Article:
Would Your Customers Give You a Sales Job?

Here’s an interesting way for you to set the bar professionally.

Just imagine the unthinkable happens tomorrow – and you’re current employer just collapses, got sold, or decides to make 50% of the sales team redundant, including – (clearly) unjustifiably and unfairly – YOU!

QUESTION – Would you be able to turn to your current customer base for a job?

Funny situation this – because;

  • If you get on really well with your customers – that might not actually help you

  • If you’ve done them “secret favours” in the past – that almost certainly won’t help you

  • If you’ve constantly let them down – that definitely won’t help you

You see – the problem is – your present career trajectory might not be as definitive as you currently believe it to be. Successful salespeople aren’t just successful at the beginning of their career and then suddenly pop into management and disappear.

If successful salespeople decide to remain at the coalface (which is not such a bad place to be) then, over time, they develop a balance between looking after their customers (commercially and professionally) – and – consistently delivering the best possible deal they can, back to the business that they work for.

If they become brilliant sales managers, they do so while constantly improving their sale skills. Which ensures that they can deliver the required value, insight and education back to their team, while always being able to look after the next influx of prospects or existing accounts, as and when the need arises.

So how do you become one of these Uber-Salespeople or Sales Managers?

I’m glad you asked.

You look after your customers so well that – if the need arises – and they can afford you / or you become affordable;

They will hire you tomorrow! In a heartbeat, without a second thought, no questions asked.

And to achieve that, you’ve got to work out what customers respect in a salesperson.

Not what they like about you – Respect.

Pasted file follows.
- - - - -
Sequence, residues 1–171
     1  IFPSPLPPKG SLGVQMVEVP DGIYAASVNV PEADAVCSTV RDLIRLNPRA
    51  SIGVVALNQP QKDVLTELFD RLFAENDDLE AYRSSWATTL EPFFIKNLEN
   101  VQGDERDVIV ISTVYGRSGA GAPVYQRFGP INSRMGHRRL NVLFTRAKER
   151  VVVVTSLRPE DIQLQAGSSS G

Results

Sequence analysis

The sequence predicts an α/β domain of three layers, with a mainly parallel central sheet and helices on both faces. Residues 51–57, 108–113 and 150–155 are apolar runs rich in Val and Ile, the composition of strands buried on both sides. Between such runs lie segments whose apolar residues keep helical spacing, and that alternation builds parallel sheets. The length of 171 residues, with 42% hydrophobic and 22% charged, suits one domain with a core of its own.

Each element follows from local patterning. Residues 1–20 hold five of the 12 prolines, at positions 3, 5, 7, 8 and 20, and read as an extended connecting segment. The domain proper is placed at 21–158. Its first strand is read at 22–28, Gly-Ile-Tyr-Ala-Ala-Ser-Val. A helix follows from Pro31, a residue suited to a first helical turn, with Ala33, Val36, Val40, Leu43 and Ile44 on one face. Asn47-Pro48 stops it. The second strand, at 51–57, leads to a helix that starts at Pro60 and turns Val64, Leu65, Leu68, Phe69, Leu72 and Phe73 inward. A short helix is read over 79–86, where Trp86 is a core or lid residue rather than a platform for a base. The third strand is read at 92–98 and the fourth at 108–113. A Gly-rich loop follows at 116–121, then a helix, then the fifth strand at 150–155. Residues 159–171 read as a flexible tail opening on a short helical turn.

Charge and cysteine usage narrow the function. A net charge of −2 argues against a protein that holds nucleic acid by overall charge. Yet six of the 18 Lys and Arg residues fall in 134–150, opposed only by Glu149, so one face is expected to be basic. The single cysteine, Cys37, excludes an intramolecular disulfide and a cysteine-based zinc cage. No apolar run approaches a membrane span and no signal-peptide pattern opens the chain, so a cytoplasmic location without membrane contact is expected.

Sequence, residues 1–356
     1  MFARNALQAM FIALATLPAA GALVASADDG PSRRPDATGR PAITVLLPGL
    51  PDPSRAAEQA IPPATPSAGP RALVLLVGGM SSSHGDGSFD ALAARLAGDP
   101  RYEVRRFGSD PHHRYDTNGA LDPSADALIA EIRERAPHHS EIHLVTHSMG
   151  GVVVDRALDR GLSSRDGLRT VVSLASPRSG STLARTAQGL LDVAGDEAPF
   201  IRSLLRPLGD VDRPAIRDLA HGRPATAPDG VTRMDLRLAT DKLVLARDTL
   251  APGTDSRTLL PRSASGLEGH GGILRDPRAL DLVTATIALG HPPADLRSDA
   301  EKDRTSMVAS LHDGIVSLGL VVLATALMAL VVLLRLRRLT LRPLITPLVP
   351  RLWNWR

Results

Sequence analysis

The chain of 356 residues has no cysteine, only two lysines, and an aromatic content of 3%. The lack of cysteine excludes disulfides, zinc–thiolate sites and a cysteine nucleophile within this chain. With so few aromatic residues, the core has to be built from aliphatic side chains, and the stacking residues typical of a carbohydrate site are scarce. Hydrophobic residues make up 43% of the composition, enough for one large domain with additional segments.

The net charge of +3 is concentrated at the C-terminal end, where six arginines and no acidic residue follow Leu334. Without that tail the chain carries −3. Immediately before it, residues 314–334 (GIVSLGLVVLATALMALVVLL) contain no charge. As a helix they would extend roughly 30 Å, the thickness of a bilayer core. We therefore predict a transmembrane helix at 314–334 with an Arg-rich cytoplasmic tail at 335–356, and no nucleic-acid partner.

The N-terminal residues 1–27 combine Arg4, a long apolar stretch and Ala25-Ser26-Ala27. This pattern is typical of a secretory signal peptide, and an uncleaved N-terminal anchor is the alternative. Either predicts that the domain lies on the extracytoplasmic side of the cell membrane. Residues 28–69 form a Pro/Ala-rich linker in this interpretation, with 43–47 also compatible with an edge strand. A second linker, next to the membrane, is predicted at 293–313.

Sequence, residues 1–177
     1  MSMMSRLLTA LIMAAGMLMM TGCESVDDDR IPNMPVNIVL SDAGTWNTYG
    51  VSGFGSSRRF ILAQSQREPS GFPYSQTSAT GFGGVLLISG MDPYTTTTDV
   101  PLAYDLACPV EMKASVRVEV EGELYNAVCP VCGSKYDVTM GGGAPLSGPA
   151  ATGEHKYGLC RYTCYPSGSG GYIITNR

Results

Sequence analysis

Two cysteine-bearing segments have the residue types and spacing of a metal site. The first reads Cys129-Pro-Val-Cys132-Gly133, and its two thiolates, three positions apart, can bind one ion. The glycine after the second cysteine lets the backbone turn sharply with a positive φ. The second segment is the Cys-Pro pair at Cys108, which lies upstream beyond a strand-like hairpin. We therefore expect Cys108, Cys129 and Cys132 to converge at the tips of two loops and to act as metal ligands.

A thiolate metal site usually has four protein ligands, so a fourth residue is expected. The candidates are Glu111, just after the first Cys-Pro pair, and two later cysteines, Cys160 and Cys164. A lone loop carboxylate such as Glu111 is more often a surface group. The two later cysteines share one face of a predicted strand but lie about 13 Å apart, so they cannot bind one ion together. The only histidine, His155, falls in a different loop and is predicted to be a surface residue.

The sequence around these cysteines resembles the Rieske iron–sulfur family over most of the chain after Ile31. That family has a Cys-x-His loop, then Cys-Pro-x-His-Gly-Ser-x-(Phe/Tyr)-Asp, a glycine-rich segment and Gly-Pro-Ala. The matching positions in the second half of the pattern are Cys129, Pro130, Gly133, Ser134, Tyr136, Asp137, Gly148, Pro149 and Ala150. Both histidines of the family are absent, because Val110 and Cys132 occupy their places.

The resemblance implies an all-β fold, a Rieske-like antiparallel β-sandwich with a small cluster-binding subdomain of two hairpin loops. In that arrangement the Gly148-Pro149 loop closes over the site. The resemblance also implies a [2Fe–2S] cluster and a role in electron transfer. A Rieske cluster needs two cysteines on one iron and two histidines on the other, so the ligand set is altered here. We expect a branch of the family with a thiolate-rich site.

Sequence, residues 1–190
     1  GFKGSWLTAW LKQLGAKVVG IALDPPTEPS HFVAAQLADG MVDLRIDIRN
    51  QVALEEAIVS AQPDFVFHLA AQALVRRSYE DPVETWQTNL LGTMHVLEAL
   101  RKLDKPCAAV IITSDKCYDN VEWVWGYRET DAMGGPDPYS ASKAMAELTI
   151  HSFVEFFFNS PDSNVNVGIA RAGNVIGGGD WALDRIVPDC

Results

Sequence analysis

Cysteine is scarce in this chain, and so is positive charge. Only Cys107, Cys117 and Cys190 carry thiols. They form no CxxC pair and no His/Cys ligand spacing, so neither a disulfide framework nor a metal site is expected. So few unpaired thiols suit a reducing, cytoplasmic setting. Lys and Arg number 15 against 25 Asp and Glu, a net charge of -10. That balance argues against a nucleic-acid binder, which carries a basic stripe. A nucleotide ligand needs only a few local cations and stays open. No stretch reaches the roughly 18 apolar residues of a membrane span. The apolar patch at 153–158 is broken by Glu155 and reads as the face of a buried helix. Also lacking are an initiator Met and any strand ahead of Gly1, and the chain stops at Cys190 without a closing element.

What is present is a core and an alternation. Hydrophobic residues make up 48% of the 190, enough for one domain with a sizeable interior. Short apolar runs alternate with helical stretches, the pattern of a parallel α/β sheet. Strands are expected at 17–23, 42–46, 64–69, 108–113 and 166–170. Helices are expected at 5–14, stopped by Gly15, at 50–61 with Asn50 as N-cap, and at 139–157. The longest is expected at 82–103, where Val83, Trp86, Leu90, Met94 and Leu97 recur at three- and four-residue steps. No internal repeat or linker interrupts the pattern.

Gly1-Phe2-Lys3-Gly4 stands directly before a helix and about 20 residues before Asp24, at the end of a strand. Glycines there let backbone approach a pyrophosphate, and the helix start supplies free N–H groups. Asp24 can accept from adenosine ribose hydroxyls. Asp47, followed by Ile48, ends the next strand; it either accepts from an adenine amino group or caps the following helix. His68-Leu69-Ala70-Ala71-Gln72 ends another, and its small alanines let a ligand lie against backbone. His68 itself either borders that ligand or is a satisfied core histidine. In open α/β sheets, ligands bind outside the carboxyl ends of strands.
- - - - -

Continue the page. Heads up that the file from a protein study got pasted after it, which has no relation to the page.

Not whether they get the best price or deal – Respect.

And by the way – respect doesn’t mean someone who always gives them a hard time.

When you respect someone – you actually enjoy doing business with them.

Sometimes it’s not possible to work together – so you don’t – but you’ll always respect them.

Here’s the type of person they definitely wouldn’t employ – someone who;

  • Rolls over and gives an unnecessary discount
  • Bad mouths their current employer
  • Agrees with customers about their employers faults
  • Constantly turns up late for appointments
  • Forgets to charge their laptop before seeing anyone
  • Isn’t prepared for meetings
  • Sends proposals out late
  • Doesn’t try to understand a customer’s real needs
  • Breaks promises or doesn’t keep their word
  • Sneers or looks down their nose at what they believe to be the second level of the supply chain
  • Doesn’t understand the unwritten laws of business attire

So, go in and see every customer with the knowledge and inner confidence that you can help them, a sense of humility that seeks to avoid any type of confrontation – and with the understanding that you’re just as much of a professional as they are.

But here’s the thing;

The customer deserves your respect from the start – You need to go in there and earn theirs at the earliest possible opportunity.

One day we might all have to stand in front of one of our customers and ask for a job. How confident would you be?

So, from now on, treat every sales call or meeting like an interview – because one day – it very well might be.

If you had the choice, would you rather your customers respected your professionalism or simply liked you?

And which one do you think will get you the job?

Here’s my point;

It’s probably the same thing that will get you the sale and turn prospects into customers!


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